Sydney celebrates Chinese New Year

Thousands have lined Sydney's George Street to celebrate the twilight parade to ring in the Chinese New Year.

Jugglers, martial artists, giant sheep and a few Bo Peeps have marched down George Street to ring in the Chinese New Year.

Thousands lined Sydney's main stretch on Sunday to watch more than 3000 performers celebrate the year of the sheep.

A five-metre golden merino, shepherds, shearers, bo peeps and knitting grannies marched past Sydney's Town Hall along with traditional Chinese warriors, dancers and musicians.

"The twilight parade is one of the most loved events in our Chinese New Year Festival and as we welcome in the year of the sheep, we will also be celebrating its fundamental part in Australia's growth as a nation and the strong ties to the Chinese community," creative director Gill Minervini said.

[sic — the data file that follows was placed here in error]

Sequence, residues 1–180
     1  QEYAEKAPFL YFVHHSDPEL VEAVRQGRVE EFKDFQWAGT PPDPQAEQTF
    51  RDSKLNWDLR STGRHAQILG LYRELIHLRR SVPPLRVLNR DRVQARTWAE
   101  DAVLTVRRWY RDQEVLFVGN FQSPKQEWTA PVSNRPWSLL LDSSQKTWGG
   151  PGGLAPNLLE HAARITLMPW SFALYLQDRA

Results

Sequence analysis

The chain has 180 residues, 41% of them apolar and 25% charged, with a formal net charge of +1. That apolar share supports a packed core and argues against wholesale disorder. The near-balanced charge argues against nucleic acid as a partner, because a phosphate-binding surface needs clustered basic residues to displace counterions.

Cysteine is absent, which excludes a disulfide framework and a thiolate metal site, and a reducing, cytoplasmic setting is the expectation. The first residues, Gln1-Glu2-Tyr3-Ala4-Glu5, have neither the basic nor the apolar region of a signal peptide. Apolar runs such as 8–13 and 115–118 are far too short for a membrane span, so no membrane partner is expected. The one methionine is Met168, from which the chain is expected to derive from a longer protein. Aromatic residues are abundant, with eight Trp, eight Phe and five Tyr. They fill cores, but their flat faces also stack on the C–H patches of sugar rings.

"People born in the year of the sheep are wise, dependable, creative, calm, kind and clever - characteristics that we are celebrating in our twilight parade, along with a few surprises."

More than 100 performers from China as well as floats from the Korean, Vietnamese and Thai communities were also on display.

The parade weaved down George Street and through Sydney's Chinatown before ending at Cockle Bay for a fireworks display to ward off last year's bad luck and welcome the new year, which was officially marked on February 19.

"We're very proud of this festival, it's gone form strength to strength," Lord Mayor Clover Moore said.

"It's the largest festival celebrating Chinese New Year outside of Asia."

Sydney resident Rain Liu, 30, brought her visiting Chinese parents to the parade.

"It's a big event in Sydney," she said.

"It's going to be bigger than in my own city in Hunan province."

Richard Ryu, 20, has been in Australia for six months studying accounting at Macquarie University.

Visiting the parade with friends, he said he will miss his usual tradition of eating and playing games with his family.

"We have lunch or dinner together and with three or four people we play games," he said.

"It's like Christmas."

The sheep is the eighth sign in the Chinese Zodiac and is also referred to as the goat or ram.

Source AAP

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